1.51 It was noted that there were many uncertainties in the cancer endpoint used for risk characterisation, and furthermore, it was unclear whether or not OTA was a genotoxic carcinogen and thus which MOE threshold value would be applicable. The Committee noted that the MOE of ≥10,000 for substances that are directly genotoxic and carcinogenic may not be appropriate in this case because there is some evidence that OTA does not interact directly with DNA. Some age groups had MOEs lower than desirable for non-neoplastic changes while all age groups had MOEs lower than 10,000 for cancer effects. The uncertainty in the assessment was considered to be high, especially considering the lack of analytical information on the presence of these contaminants in oat drinks and the assumptions used in the exposure assessment. It was noted that it is likely that the risk was being overestimated.
1.52 In respect of OTA, the Committee was unable to conclude whether the exposure estimates indicated a potential health concern. It was agreed that assessments of actual exposure are needed for adults as well as young children, to establish whether there were potential health concerns for the general population.
1.53 Overall, it was concluded that for the sum of DON and T-2 and HT-2, based on the available data there was no risk to health. However due to the uncertainties in the available dataset, the risk from exposure to OTA could not be determined.
1.55 Almond drinks have a lower nutritional value than soya or oat drinks, however they can be given to children as an alternative to cows’ milk. The mycotoxin, aflatoxin B1 was identified as a possible chemical contaminant in almonds, which could be potentially transferred to almond drinks. Aflatoxin B1 is a genotoxic carcinogen, so the EU sets a legal limit for the amount of aflatoxin which can be present; this is called the maximum level and uses the ‘as low as reasonably achievable’ (ALARA) principle. This is to ensure that exposure to such compounds is at the lowest possible level. As no more reliable data on aflatoxin levels were available, it was assumed that the almonds contained aflatoxin at the legal maximum level.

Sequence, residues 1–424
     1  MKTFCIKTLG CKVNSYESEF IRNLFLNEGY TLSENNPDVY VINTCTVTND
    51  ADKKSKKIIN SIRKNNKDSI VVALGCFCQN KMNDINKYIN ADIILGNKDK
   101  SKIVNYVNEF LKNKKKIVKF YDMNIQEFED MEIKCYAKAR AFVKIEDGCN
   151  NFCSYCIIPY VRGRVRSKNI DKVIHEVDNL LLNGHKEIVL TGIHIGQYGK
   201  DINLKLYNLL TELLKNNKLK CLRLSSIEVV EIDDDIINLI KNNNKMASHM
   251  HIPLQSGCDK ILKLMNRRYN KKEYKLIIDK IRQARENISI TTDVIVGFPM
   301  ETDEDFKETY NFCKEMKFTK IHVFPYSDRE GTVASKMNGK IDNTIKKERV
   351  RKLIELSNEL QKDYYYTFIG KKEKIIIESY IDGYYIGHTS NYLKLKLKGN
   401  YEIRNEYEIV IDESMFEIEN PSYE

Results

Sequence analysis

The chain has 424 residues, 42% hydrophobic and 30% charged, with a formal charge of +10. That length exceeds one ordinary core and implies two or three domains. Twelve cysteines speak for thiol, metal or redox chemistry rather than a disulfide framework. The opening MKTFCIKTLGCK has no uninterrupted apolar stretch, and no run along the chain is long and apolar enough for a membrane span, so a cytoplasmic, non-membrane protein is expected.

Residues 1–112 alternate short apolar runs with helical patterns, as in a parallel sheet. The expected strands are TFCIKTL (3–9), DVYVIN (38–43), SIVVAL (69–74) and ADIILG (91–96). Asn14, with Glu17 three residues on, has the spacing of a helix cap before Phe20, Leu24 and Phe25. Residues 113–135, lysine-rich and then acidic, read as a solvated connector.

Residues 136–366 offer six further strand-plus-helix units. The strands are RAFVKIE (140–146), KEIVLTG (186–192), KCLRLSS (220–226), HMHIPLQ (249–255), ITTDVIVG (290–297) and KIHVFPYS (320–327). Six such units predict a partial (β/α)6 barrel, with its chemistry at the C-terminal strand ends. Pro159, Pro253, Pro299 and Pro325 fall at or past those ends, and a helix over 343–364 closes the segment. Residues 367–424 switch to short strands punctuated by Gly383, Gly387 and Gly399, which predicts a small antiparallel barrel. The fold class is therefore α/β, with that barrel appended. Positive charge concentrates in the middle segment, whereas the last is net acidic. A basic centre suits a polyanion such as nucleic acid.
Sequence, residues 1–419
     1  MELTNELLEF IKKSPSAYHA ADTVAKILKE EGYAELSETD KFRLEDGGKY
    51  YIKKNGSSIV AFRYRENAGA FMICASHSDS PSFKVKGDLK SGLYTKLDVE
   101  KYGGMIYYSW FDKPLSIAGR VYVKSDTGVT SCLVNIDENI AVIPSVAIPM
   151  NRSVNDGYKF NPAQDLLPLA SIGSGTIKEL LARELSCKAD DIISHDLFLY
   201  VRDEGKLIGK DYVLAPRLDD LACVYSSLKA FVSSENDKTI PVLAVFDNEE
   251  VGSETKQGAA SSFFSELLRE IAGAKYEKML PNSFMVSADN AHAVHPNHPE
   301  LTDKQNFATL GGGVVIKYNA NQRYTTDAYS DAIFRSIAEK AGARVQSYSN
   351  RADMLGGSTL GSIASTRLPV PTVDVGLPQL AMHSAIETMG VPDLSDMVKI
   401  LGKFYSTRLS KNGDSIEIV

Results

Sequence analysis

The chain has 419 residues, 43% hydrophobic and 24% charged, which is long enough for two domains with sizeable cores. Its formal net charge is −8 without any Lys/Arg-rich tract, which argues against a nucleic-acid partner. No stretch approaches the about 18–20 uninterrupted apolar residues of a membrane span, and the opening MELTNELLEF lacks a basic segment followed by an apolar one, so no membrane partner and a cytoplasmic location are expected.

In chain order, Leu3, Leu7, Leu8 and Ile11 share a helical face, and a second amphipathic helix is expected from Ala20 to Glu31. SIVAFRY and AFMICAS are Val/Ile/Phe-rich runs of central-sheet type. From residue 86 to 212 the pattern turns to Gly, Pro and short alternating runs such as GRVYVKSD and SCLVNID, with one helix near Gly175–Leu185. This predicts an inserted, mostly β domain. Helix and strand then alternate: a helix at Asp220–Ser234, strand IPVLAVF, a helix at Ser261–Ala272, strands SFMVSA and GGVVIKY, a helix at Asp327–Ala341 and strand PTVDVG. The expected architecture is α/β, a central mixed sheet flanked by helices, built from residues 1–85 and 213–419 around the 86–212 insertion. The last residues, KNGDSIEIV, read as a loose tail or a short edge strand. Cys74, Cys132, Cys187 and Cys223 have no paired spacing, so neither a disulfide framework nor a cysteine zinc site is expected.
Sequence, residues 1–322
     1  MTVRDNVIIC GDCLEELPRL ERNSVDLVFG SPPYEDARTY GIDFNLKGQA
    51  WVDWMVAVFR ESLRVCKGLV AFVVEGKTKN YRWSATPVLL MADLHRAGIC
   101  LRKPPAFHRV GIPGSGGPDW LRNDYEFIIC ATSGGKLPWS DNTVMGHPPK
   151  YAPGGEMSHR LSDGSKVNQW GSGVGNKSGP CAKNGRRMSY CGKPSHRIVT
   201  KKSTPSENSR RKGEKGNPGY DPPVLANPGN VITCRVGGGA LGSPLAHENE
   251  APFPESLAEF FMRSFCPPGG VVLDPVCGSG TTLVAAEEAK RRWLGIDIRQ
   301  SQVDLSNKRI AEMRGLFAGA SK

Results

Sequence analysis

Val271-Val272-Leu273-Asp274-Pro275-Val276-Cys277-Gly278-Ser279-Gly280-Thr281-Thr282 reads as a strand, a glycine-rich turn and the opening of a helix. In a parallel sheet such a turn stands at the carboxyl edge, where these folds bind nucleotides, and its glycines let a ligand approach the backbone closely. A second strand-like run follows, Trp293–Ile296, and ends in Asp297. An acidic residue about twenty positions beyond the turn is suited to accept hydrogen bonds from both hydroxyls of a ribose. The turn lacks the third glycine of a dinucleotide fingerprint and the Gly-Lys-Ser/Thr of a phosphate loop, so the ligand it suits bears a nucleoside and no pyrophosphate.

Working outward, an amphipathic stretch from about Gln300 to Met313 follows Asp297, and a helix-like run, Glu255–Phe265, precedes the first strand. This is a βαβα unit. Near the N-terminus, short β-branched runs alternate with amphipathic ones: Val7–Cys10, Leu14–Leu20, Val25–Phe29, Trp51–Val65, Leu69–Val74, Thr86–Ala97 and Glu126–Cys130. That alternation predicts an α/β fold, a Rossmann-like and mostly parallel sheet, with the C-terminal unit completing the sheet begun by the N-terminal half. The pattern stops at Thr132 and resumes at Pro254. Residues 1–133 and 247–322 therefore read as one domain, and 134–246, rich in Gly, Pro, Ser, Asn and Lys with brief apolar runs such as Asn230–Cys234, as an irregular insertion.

1.56 The lack of analytical information on the effect that processing of almonds during almond drink manufacture has on the levels of aflatoxins, as well as the lack of information on the levels in almond drinks themselves, was considered the main limitation in assessing the risk to health. Considering the above limitations, it was concluded that undertaking a risk assessment based on the Maximum Levels set by EFSA was highly uncertain and was likely to lead to an overestimation of risk and therefore was not appropriate. The risk to health from exposure to AFB1 could not be determined.
1.57 Almonds also contain cyanogenic glycosides, which can be released when the almond is physically broken down by chewing or processing. When this happens, they may interact with the enzyme ß-glucosidase, also present in almonds. This enzyme breaks down the cyanogenic glycosides and can yield hydrogen cyanide. Exposure to large amounts of hydrogen cyanide can lead to convulsions, loss of consciousness, dizziness, weakness, mental confusion and heart failure.
1.58 High levels of glycosides are present in bitter almond varieties, whereas there is very little present in sweet varieties. The quantity of cyanogenic glycosides present in almond drinks is uncertain, but only low levels of cyanide have been detected on analysis. Available information indicates that bitter almond varieties are not grown in commercial almond orchards and although the inadvertent use of bitter almonds in almond milk drinks cannot be completely ruled out, bitter almonds would not be deliberately used as they would be unpalatable, imparting a strong ‘marzipan’ flavour to the drink. Overall, Members agreed that there were no specific concerns for acute toxicity from cyanogenic compounds in almond drinks.